An audit of the Town of Sweden Justice Court by the New York State Comptroller has found numerous errors in the handling of money and other issues. The report was issued on February 20, 2015.
According to New York State Comptroller Thomas DiNapoli’s Report, the Sweden Town Justices do not provide adequate oversight of court operations, and the court does not ensure accurate and complete collection, deposit, recording and reporting of court moneys in a timely manner.
DiNapoli said the justices need to assign clerks separate duties in order to regularly review accounting records and bank statements. “In today’s fiscal climate, budget transparency and accountability for our local communities is a top priority. By auditing municipal finances and operations, my office continues to provide taxpayers the assurance that their money is being spent appropriately and effectively.”
You can read the entire audit report online on the NYS Comptroller’s website.
The Comptroller’s audit found fault with the Sweden Town Court in four different areas:
- “The Justices do not provide adequate oversight of Court operations to ensure the accurate and complete collection, deposit, recording and reporting of Court moneys in a timely manner.”
- “The Justices have not adequately segregated the duties of the clerks and do not regularly review accounting records, bank statements, or monthly reconciliations and accountability analyses.”
- “Although the Court issues computerized receipts, the receipt numbers, dates and amounts can be altered or deleted in the computer system and the Justices do not review system activity as a compensating control. Further, 71 receipts2 were not deposited within 72 hours of receipt and various receipts or transactions were deleted from the system without a valid documented reason.”
- “Finally, the Justices have not developed a policy or procedures to enforce the collection of unpaid fines and fees. As a result, 34 unpaid tickets were not submitted to the Department of Motor Vehicles (DMV) scofflaw program and five tickets were incorrectly reported as disposed of to the DMV. Due to internal control weaknesses, it is impossible for the Justices to hold any clerks responsible for any errors, deficiencies or fraudulent or abusive activities that may occur, and the Court is not collecting all potential revenue.”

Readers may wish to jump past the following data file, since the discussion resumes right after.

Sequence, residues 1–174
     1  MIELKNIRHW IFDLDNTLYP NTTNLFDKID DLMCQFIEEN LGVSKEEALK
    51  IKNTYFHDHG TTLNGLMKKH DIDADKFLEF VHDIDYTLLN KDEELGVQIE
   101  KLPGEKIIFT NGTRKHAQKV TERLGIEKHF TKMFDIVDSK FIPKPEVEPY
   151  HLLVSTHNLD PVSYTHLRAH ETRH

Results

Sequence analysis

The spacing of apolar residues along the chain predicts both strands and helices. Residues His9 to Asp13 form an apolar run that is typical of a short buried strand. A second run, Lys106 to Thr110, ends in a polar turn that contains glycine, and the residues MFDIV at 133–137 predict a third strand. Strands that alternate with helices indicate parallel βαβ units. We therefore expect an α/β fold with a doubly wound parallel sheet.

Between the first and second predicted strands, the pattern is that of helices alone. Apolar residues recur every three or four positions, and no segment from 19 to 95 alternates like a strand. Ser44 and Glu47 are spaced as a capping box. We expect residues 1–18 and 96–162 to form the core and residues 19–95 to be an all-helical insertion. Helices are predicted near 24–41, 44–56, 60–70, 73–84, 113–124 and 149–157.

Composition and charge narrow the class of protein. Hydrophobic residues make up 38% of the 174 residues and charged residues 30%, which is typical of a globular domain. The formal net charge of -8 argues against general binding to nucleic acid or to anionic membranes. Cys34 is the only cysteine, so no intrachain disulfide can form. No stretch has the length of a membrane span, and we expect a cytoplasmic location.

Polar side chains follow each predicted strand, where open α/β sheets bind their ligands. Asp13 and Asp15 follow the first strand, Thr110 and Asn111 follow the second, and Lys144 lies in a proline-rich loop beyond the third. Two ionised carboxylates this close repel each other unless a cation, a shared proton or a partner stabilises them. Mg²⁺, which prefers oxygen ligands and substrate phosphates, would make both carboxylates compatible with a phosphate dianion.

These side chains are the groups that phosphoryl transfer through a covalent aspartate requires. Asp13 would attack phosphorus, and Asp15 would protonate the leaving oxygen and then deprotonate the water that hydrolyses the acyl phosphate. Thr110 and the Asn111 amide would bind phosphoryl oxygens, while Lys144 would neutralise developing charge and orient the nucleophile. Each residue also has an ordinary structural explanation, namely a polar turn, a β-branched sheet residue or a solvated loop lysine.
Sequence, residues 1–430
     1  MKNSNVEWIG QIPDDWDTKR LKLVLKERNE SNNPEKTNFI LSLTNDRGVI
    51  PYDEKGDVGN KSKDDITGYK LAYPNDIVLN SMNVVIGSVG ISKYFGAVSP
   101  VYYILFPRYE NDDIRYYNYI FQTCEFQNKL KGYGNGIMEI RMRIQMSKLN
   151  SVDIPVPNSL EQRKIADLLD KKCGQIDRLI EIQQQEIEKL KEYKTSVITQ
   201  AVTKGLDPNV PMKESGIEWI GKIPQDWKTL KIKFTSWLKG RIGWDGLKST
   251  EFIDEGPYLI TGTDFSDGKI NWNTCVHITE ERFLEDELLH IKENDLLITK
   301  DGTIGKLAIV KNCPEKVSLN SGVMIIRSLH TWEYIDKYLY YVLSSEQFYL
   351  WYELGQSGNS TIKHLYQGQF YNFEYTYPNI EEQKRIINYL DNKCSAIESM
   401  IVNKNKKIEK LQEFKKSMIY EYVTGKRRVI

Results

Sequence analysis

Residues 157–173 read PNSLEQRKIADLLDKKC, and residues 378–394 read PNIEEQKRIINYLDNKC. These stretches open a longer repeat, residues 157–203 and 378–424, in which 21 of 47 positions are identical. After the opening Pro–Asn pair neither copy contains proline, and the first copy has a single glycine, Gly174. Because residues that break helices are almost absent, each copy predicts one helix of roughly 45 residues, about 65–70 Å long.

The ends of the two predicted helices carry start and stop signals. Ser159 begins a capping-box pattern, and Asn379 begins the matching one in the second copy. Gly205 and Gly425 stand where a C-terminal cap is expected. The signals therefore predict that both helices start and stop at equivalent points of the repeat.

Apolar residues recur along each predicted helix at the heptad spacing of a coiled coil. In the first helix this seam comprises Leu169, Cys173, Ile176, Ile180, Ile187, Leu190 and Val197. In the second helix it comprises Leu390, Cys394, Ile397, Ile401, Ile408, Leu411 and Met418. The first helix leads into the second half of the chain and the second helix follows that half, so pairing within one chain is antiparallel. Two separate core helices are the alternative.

During 2013, the Sweden Justice Court collected approximately $414,000 in fines and surcharges. For 2013, the Sweden Justice Court was ranked 144th in revenues collected of all municipal courts in New York State and is the seventh largest in Monroe County.
The New York State Comptroller made ten recommendation changes that the Sweden Justice Court should make.
The Justices should:
- Ensure that the Court clerks’ duties are adequately segregated. Where it is not practical to segregate duties, the Justices should provide additional oversight as a mitigating control.
- Receive and review bank statements and canceled check images directly from the bank.
- Review bank statements, bank reconciliations and accountability analyses and the court’s accounting records on a regular basis for timeliness and accuracy. Justices should ensure that any differences are investigated and, if necessary, take corrective action.
- Further research the remaining unaccounted for balance in Justice Depferd’s account and, if unresolved, remit the unaccounted for funds to the JCF or the Supervisor as appropriate.
- Require the use of manual press-numbered duplicate receipts or work with the software vendor to correct system deficiencies that allow receipts to be altered or deleted.
- Ensure that the clerks use the available field in the computerized system to record the method of payment for receipts.
- Review an audit log from the accounting system as a means of determining, on a routine basis, who is accessing the system and what transactions are being processed, changed or deleted.
- Ensure all collections are deposited within 72 hours.
- Ensure all traffic tickets that are unresolved after 60 days are reported to the DMV for scofflaw.
- Develop a policy and procedures to ensure that collections are enforced by Court personnel.
The Sweden Town Board has the responsibility to initiate corrective action.
A written corrective action plan (CAP) that addresses the findings and recommendations in this report must be prepared and forwarded to the NYS Comptroller’s Office within 90 days of the audit, pursuant to Section 35 of the General Municipal Law.
That means the Sweden Town Council has until May21, 2015 to file their corrective action plan with the NYS Comptroller’s Office.
Brockport residents didn’t need an audit of the Town of Sweden Justice Court by the New York State Comptroller to know that something was wrong with the Town of Sweden Justice Court.
But maybe now, the people who complain about the formation of the Brockport Village Court will start to understand.
The management of the Town of Sweden Justice Court was incompetent, and the audit of the Town of Sweden Justice Court by the New York State Comptroller confirms that beyond a shadow of a doubt.